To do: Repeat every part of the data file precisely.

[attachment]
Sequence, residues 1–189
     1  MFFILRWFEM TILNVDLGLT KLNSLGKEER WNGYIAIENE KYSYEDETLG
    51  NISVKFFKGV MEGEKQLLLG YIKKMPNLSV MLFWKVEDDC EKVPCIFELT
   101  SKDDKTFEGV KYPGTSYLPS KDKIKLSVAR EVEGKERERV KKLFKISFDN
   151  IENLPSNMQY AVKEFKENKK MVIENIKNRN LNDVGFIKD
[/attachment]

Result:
Sequence, residues 1–189
     1  MFFILRWFEM TILNVDLGLT KLNSLGKEER WNGYIAIENE KYSYEDETLG
    51  NISVKFFKGV MEGEKQLLLG YIKKMPNLSV MLFWKVEDDC EKVPCIFELT
   101  SKDDKTFEGV KYPGTSYLPS KDKIKLSVAR EVEGKERERV KKLFKISFDN
   151  IENLPSNMQY AVKEFKENKK MVIENIKNRN LNDVGFIKD